New Delhi, (Aryavarth) Unlike the European Union’s General Data Protection Regulation (EU GDPR), and stricter cyber laws in countries like Singapore, South Korea and Australia, the Indian government is using several agencies to tame social media platforms in the absence of a nodal cyber regulator that separately deals with Big Tech.
In India, Twitter is in the eye of the storm for not often complying with the new IT (intermediary) Rules, 2021.
The micro-blogging platform even witnessed a police raid on its offices in Delhi and Gurugram related to the alleged Congress toolkit controversy last year.
Twitter was at loggerheads with the Indian government last year over removing specific posts and being compliant with the intermediary guidelines under the IT Act.
As and when the government sends stern notices to Twitter, Google, YouTube and Meta (formerly Facebook) under the general laws (like Section 69A of the IT Act, 2000) to remove controversial content, the platforms immediately knock at the door of the courts, resulting in zero action. The tussle between Twitter, WhatsApp/Facebook and the government has reached its nadir. The fact is that an absence of a stricter personal data protection law is forcing the concerned authorities to take routes like writing heaps of notices that have resulted in zero action to date. At the same time, social networking giants continue to take the country for a ride.
According to experts, while the government can initiate action for suspension or blocking of intermediary apps or websites if they fail to comply with its directions over various issues under current laws, a robust data protection law is what can tame the social media platforms, the way the GDPR in the EU has achieved. If Twitter fails to comply with the government directions, the latter has the power to resort to penal consequences.
“In that direction, appropriate FIRs can be registered against intermediaries and service providers, and their top management can also be made liable for the contravention under Section 85 of the IT Act, 2000,” Pavan Duggal, one of the country’s top cyber law experts, noted.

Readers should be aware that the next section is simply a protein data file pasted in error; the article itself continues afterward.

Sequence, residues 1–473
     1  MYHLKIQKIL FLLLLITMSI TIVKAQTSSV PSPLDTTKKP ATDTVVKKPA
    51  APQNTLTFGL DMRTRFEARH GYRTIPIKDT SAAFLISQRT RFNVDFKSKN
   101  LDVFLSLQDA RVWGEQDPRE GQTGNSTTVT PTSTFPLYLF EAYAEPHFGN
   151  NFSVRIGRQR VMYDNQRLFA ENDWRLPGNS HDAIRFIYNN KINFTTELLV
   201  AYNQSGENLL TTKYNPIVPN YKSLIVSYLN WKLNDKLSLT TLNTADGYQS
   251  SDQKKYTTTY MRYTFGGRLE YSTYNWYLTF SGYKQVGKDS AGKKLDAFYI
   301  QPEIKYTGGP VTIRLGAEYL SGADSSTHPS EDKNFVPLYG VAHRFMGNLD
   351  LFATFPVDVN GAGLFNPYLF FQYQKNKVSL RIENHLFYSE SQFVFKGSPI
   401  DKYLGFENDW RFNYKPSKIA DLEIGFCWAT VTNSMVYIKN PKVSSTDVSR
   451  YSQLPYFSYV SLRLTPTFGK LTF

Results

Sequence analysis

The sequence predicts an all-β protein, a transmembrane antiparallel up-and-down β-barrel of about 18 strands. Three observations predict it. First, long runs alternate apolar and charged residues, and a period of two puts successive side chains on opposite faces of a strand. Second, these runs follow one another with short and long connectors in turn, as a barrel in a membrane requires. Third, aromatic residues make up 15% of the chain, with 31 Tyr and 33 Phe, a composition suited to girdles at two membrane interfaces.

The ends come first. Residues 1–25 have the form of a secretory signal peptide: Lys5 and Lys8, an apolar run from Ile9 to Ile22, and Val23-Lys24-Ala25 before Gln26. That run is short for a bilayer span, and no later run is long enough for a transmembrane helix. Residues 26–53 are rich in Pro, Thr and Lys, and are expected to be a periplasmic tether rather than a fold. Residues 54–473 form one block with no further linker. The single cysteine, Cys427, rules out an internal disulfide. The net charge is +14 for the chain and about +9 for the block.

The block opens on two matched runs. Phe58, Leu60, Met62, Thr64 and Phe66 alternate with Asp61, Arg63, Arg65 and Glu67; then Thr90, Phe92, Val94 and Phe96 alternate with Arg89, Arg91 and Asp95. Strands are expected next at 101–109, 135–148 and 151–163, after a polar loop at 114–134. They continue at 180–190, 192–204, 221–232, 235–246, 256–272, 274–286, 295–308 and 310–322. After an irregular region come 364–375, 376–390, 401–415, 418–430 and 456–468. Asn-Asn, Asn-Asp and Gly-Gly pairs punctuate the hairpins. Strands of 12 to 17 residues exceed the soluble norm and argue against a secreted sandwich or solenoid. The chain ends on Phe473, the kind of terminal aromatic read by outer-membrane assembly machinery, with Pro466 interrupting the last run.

The government can exercise its power under Section 69(A)(1). If any service provider or intermediary fails to comply with the exact provisions, there are penal consequences prescribed under Section 69A(3).
Non-compliance with directions for blocking is a non-bailable serious offence punishable with imprisonment for a term extending to seven years and shall also be liable to a fine. The experts said that India has to learn from the EU when it comes to formulating a legal framework to secure data and tackle hateful or abusive online content. The EU GDPR has been designed to harmonise data privacy laws across Europe — to protect and empower all EU citizens’ data privacy and reshape how organisations across the region approach data privacy.
The Indian government, time and again, has told Internet intermediaries and social media platforms to comply with the law of the land. Minister of State for Electronics and IT Rajeev Chandrasekhar said in a tweet that all foreign intermediaries and platforms have a right to approach the court and judicial review in India.
“But equally, all intermediary/platforms operating here have an unambiguous obligation to comply with our laws and rules,” Chandrasekhar posted last week, as Twitter moved the Karnataka High Court against the government’s order to take down some content on its platform.
IT Minister Ashwini Vaishnaw said that “be it any company, in any sector, they should abide by the laws of India”.
Twitter has said these blocking orders are being challenged because “they are procedurally and substantially deficient of the Section 69A requirements”.
The micro-blogging platform last year clearly stated that it would listen to the Indian government’s content removal demands seriously only when the Personal Data Protection Bill is firmly in place.
The proposed Personal Data Protection Bill also imposes heavy penalties on companies for non-compliance.
It has also proposed to term social media companies as publishers, which will make them liable for the content on their platforms.
The moot question is: Once the global tech giants respond to government notices, the matter ends. According to leading experts, data of crores of Indians are still being misused in the absence of a robust mechanism.
“As of today, India does not have a dedicated law on privacy or cyber security,” Duggal pointed out. “It does not have a legal framework for protecting all kinds of data. The Personal Data Protection Bill, 2019, is pending consideration before the Joint Parliamentary Committee. Further, India does not have a dedicated policy on data localisation.” According to legal experts, India must fight social media biggies with a robust data protection law.